CHURCHILL: The Polar Bears and Northern Lights


CHURCHILL: Polar Bears


October 25, 2014             Winnipeg, Manitoba

My first trip to Churchill and the mind is racing with possibilities. Having done little research on the area I am expectant and open for a great adventure.  Winnipeg, located at the confluence of the Red and Assiniboine Rivers, is the portal for Churchill and the bears. Our hotel, Inn at the Forks, is riverfront to cafes and shops, including the newly opened Museum of Human Rights.   A few guests gathered for a walk to find a spot for an early dinner before the tour orientation.

9:00pm First gathering of like-minded travelers braced to meet the naturalist guide and learn the ends and outs of polar bear spotting. When guide, Hayley Shephard, arrived all smiles and announcements, she easily held a captive audience. From New Zealand with energy to spare, she promised what we wanted to hear and sent us off to bed with great anticipation.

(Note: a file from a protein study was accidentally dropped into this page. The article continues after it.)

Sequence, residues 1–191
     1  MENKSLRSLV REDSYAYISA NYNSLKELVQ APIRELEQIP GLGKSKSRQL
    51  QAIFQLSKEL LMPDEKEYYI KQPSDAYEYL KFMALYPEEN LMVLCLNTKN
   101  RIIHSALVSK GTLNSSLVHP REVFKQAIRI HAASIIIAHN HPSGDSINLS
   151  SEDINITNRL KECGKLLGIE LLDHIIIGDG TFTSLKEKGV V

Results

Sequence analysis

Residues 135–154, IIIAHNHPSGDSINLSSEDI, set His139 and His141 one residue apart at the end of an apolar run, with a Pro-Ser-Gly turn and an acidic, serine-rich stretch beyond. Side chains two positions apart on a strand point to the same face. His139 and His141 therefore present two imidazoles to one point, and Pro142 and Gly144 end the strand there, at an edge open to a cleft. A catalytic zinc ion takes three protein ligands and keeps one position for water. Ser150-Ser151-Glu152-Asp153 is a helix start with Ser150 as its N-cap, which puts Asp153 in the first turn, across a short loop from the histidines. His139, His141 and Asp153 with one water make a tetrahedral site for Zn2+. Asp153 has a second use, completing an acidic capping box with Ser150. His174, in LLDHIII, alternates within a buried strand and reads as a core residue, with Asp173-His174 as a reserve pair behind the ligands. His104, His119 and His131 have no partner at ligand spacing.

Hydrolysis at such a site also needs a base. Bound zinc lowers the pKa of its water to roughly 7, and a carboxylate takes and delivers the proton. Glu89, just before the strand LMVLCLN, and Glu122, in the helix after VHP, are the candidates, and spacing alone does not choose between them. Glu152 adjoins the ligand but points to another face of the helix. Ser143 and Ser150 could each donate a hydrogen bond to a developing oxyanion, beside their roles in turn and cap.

Sunday, October 26, 2014            Boarding the Hudson Bay Rail

It was a clear and brisk morning as we pulled our bags a block to the Winnipeg Union Station and boarded the Hudson Bay Rail. We were assigned our roomettes and waited for the call to the dining car. Seven of us in the singles with the rest in double compartments. Stunned at the tiny space but as we unpacked we discovered shelves, hangers for jackets and small cubbies for books. Much laughter as we practiced using the ceilingen suite sink and toilet and trying to get the bed arranged without falling out into the aisle.
With a jerk, a sputter and clackettey clatter, we are off.

Lunch was taken in two shifts with the dining car serving as the lounge car. Disappointed to learn that the latter had been removed. We visited with each other in passing and nearby roomettes. The landscape was dotted with wheat fields, rolled hay for winter, and grain elevators